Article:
He, too, immediately feels the effect of the means employed. Each requires only the conviction of the other's love to bring them to a consciousness of their own unrecognised feelings. Because neither trusted the other, they strove to hide their sentiments behind apparent dislike, and to master love through a war of wits. Something of flattered vanity is, nevertheless, a factor in both cases. In Beatrice the effect is deeper, the struggle morc acutc. Scornful “ Lady Disdain" is suddenly disarmed, defenceless, her whole nature changed. She sighs and languishes, she has lost her saucy wit, she says she is sick. The catastrophe of the play's serious action leads to her release. (The lovely gentle Hero, in her timid reserve, her modest quiet maidenliness, the exact opposite of bold saucy Beatrice, who often goes farther in her specches than is seemly for a girl, is made the victim of a base intriguc.) The young Florentine, Count Claudio, has lost his heart at first sight, and, through the Prince of Arragon, asks her hand of her father, who willingly accords it. But the Prince's brother, a false and malignant man, who, since their quarrel and his conscquent defeat, has only feigned reconciliation, breeds mischief. One of his dependents, who is carrying on a flirtation with Hero's chambermaid, contrives, at his lord's order, to cause the Prince and Claudio to believe, by means of a scandalous trick combined with this girl, that it is Hero who has granted him a nocturnal interview. Everything is ready for the wedding: the monk puts the necessary questions, when Claudio accuses the poor innocent Hero cf unchastity, and repulses her hand with contemptuous phrases. Overpowered by this frightful accusation and humiliation, Hero sinks down in a death-like swoon. The Prince and Claudio, deceived by shameful treachery, depart indifferent, while the villainous traitor beholds with evil delight the pain he has inflicted. Only Bencdick remains behind, -not on Hero's account, whose innocence he also doubts, as is plain from the question he puts to Beatrice, whether she slept on the fatal night in Hero's chamber,-but through sympathy for Bcatrice, who lic sces is dccply wounded by thic degrading occurrence, and whom hic longs to help. She recovers her resolute composure through this excitement, the true gold of her character is brilliantly proved. Her piercing insight docs not allow her to doubt for an instant the innocence of her slandered friend. Instantly, when even the father, convinced by apparently irrefragable proof, believes in Hero's guilt, and covers her with abuse, she exclaims, "Oh, on my soul, my cousin is belied.” After it has been decided, according to the friar's advice, that Hcro be considered dead until her innocence is proved, Beatrice, who is left alone with Bencdick, does not refuse to listen to his undisguised declaration of love, but will accede only on condition that he takcs a bloody revenge on Claudio for the injury done to Hero. Her anger is heartfelt, but it also serves to delay her love confession, since she puts it off indirectly by saying, "Oh, that she were a man! or that she had any friend that would be a man for my sake!” Benedick is naturally ready to be convinced of Hero's innocence; he is firmly resolved to break Claudio's neck as soon as possible. Everything is right between the two. Benedick keeps his word; he challenges Claudio. But when the treachery of which Hero has been the victim comes to light (in how droll a fashion let the reader see for himself), and the marriage so tragically interrupted is happily completed, after Claudio had wept bitter tears of remorse for Hero supposed to be dead, and she, on returning to life, has forgiven her repentant lover, the merry declaration contrived for Benedick and Beatrice takes place, as at first arranged. These two wonderful creatures cannot, however, talk together like ordinary mortals. The serious side of life which met them in Hero's adventure had brought them nearer each other. Profound sympathy for her injured friend has turned Beatrice's love for Benedick into the right channel., Thus she is ready to waive all resistance, and acknowledge willingly and joyfully her love for him who has her heart. We take leave of this splendid couple with the satisfactory conviction, that in their union, following upon their prolonged conflict, they will find the happiness of their lives.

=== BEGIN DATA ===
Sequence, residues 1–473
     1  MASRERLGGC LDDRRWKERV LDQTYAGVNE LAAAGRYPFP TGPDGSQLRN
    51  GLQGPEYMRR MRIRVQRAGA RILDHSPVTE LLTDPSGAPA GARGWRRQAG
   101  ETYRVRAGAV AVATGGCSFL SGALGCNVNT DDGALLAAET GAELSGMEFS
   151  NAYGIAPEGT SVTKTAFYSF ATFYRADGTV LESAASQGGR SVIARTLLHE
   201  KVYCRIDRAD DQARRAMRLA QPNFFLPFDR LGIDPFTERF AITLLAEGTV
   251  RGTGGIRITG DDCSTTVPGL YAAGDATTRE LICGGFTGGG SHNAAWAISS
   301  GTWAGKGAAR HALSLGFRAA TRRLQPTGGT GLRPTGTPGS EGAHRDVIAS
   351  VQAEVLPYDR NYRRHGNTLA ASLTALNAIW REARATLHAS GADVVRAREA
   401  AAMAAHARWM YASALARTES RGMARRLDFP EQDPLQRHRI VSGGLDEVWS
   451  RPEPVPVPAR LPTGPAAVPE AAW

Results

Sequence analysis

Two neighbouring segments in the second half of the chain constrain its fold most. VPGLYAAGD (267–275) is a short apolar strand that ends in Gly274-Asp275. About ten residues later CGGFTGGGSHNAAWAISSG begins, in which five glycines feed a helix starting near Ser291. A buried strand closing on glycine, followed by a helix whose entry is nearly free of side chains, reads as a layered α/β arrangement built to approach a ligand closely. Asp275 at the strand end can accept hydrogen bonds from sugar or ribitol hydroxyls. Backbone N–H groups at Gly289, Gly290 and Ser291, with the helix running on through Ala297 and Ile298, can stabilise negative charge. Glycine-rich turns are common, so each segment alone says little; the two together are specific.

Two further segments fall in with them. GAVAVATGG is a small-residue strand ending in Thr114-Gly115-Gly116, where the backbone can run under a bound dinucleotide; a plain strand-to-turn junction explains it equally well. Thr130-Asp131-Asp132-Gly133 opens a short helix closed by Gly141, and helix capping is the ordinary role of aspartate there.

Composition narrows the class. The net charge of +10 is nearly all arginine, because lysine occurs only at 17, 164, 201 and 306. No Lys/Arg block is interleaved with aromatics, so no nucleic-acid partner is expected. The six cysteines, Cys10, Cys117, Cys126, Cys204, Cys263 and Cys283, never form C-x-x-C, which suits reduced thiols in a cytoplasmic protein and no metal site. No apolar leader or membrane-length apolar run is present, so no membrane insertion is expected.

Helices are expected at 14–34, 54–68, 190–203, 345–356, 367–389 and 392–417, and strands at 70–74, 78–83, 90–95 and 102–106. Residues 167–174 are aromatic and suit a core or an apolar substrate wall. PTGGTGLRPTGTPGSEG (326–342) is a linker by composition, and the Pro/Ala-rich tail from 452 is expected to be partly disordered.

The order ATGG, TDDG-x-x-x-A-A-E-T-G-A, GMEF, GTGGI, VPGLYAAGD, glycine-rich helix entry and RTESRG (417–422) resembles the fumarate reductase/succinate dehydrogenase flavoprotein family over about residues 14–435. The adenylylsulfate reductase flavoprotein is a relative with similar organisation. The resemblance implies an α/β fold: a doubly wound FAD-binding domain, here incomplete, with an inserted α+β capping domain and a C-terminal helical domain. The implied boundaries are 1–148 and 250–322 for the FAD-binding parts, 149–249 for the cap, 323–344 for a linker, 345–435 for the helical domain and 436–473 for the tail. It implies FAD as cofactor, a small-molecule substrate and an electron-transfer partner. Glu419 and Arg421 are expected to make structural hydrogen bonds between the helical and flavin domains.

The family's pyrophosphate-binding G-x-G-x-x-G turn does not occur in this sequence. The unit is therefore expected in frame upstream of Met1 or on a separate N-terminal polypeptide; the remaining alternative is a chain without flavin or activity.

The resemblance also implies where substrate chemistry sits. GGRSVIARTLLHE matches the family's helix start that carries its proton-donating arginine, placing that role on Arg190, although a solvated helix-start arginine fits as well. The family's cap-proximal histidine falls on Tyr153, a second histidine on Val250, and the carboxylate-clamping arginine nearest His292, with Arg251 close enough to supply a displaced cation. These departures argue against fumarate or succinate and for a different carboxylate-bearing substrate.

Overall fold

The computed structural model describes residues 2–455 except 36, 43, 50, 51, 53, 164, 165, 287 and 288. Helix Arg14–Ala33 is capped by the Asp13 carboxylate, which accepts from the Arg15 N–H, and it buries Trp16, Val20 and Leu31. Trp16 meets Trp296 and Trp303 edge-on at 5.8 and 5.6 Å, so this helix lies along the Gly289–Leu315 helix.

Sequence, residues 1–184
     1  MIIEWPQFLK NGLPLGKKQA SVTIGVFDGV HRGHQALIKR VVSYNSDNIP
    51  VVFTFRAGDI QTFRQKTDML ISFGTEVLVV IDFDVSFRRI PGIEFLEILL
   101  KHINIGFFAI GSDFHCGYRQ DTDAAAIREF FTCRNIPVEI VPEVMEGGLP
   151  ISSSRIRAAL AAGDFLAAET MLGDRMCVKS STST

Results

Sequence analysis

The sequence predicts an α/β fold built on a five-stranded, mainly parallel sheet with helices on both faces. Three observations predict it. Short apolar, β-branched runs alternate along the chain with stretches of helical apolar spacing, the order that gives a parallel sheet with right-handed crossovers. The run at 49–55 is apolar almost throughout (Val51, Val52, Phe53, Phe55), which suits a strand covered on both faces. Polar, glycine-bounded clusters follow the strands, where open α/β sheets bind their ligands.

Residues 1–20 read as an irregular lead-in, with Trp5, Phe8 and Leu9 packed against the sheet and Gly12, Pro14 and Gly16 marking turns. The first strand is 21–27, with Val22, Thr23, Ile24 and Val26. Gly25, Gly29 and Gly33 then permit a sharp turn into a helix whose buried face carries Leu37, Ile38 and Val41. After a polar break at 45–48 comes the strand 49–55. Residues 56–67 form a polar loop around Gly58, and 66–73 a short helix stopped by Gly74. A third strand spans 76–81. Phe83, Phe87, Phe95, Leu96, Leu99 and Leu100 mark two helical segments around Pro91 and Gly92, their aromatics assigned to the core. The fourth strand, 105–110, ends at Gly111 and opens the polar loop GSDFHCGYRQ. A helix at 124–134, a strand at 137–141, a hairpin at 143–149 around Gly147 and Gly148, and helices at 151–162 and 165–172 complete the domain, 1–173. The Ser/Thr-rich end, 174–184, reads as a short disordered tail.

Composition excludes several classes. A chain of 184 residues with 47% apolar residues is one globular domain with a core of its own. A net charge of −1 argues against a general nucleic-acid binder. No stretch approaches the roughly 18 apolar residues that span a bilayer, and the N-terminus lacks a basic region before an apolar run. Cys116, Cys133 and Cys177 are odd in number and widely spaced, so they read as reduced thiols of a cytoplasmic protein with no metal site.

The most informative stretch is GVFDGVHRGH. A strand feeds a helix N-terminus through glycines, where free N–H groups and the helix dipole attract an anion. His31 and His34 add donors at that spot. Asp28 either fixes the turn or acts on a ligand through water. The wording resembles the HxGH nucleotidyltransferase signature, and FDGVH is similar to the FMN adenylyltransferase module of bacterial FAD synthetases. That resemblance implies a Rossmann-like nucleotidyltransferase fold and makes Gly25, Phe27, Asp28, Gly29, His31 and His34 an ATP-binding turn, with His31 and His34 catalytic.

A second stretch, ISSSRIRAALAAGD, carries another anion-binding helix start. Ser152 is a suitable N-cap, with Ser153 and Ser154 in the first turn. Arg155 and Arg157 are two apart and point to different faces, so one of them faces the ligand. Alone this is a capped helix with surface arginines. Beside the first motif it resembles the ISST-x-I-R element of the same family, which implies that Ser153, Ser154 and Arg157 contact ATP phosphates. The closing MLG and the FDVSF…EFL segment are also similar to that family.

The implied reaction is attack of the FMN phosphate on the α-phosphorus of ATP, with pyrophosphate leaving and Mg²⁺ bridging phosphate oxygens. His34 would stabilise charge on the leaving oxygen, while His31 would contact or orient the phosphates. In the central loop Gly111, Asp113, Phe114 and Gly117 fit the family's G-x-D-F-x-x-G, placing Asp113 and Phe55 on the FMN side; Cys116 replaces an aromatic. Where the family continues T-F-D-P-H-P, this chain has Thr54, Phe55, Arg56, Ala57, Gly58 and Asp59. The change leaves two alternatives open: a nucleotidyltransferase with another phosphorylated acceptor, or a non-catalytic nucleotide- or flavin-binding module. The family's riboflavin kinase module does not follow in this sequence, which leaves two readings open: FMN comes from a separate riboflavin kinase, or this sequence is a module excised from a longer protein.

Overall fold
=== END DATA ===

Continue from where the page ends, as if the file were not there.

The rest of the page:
SHAKESPEARE'S THIRD PERIOD